Our culture, traditions and religion are intertwined in many ways. Perhaps our ancients foresaw that we would lose interest in understanding the why's and what’s of our traditions that were deeply rooted in scientific thought and reasoning. So they laid dictates in the garb of religion which no one dared question. Parents tactfully used these dictates to mould and mentor children in many ways.
Earlier, mothers would tell children to drink milk, eat nutritious food, do this and that, otherwise a ghost or policeman would come. Mothers would create these phobias, knowing fully well that nothing of the sort would happen, but children got scared into doing whatever they said. Today, mothers are guided to make children understand the benefits of drinking milk, eating nutritious food etc. and not resort to coercion, scaring or punishing.
In the contemporary world, children are motivated to ask questions and parents and teachers are guided to encourage them; not snub them. Even the New Education Policy-2020 recognises the importance of building critical thinking and analytical skills.
The Ekadashi fast, has a scientific explanation and reason behind it. Here is a critical analysis. Ekadashi literally means eleventh day. The lunar month is of 29½ days. It is divided into two parts. The first half is the waxing phase of the Moon i.e. from New-Moon night to Full-Moon night (Poornima) and the second part is the waning phase from Poornima to No-Moon night (Amavasya). In each fortnight, the eleventh day is Ekadashi.
The Moon is the presiding deity of the mind. The phases of the Moon and its gravitational force affect the water bodies on the Earth as well as the water content in our bodies. On Ekadashi, the atmospheric pressure is at its lowest and hence it’s the best time for fasting because it causes least discomfort to the person. Fortnightly Ekadashi fasting, cleanses the digestive system, purifies the blood, eliminates toxins and rests the digestive system. Sri Sathya Sai Baba says, “Periodical fasting is prescribed to help your digestive system overhaul itself and get much needed rest.”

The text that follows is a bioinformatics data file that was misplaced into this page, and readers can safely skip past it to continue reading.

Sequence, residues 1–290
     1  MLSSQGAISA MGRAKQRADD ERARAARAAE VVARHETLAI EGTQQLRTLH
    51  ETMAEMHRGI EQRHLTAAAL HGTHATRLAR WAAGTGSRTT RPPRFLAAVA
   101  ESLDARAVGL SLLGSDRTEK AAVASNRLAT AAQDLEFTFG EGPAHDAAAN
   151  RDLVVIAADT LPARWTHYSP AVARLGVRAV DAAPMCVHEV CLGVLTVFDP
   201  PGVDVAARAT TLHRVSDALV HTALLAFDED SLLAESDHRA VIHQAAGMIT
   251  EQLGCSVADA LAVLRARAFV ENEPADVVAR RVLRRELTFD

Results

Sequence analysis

Interestingly in 2016, the Nobel Prize in Physiology or Medicine was won by Japanese Cell-Biologist, Yoshinori Ohsumi. His subject was Autophagy. The accumulated damaged cells in a body lead to diseases. Autophagy is a process where-in the body self-consumes its diseased cells. Cells being the basic building blocks of every tissue and organ, contain multiple parts that perform different functions. These parts often become worn out and hence dysfunctional. Autophagy recycles these damaged cells into usable and workable ones while discarding the ones that are waste. Autophagy happens naturally in cases of starvation. Depending upon the severity of the fast, fasting induces autophagy! And the ancient Indians knew this!
The Nirjala Ekadashi is coming up on May 31, 2023. Nirjala means, without water. Earlier people would keep this fast without eating or drinking anything at all but that severity seems to be impossible now.
But when we fast we should do it for real, not a quasi-fast that converts into a feast. We could consume only water/liquids/fruits/milk depending upon what our physical condition allows. If we abstain from grains and high calorie food, the body will undergo cleansing, detox, rejuvenation and self-healing. The health benefits are many. Blood pressure, sugar levels, cholesterol, anxiety are a few that would sort themselves out. Perhaps prayers were advocated alongside fasting so that too much physical activity was avoided in the day, so that undue tiredness would not set in. And of course prayer and meditation are nectar for the mind and soul.
Fasting was a carefully thought out package deal wherein the spiritual and biological needs of humans were inter-twinned beautifully. Ekadashi fasting amalgamates spiritual as well scientific practises.
It is one thing to go off cereals because a dietician advised so; doing it with the understanding of its multifarious subcutaneous benefits is another thing altogether!
(Do share your thoughts in the comments section at the end of the page. Thank you.)
This article is published in the Hindustan Times on 28.05.2023. It can be viewed here https://www.hindustantimes.com/cities/chandigarh-news/ekadashi-fasting-the-intersection-of-science-and-spirituality-in-our-culture-and-traditions-101685256389838.html